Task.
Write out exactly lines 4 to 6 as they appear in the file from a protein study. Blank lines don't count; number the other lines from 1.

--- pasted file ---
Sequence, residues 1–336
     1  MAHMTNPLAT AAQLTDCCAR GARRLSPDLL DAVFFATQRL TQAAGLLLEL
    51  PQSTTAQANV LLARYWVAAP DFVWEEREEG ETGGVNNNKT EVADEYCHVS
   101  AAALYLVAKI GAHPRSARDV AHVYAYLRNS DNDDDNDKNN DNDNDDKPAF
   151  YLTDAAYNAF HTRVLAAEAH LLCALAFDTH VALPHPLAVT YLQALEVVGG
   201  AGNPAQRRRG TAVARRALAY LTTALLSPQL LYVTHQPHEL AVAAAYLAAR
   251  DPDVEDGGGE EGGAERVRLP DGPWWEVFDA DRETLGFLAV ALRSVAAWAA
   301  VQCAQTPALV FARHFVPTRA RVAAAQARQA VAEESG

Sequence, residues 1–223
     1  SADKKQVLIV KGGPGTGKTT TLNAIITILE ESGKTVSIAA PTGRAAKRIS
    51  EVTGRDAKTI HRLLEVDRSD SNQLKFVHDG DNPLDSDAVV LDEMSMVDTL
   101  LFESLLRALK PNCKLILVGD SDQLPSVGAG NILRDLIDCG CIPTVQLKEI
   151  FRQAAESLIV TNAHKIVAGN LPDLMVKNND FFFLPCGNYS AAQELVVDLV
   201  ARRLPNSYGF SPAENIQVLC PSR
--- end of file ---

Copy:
   101  AAALYLVAKI GAHPRSARDV AHVYAYLRNS DNDDDNDKNN DNDNDDKPAF
   151  YLTDAAYNAF HTRVLAAEAH LLCALAFDTH VALPHPLAVT YLQALEVVGG
   201  AGNPAQRRRG TAVARRALAY LTTALLSPQL LYVTHQPHEL AVAAAYLAAR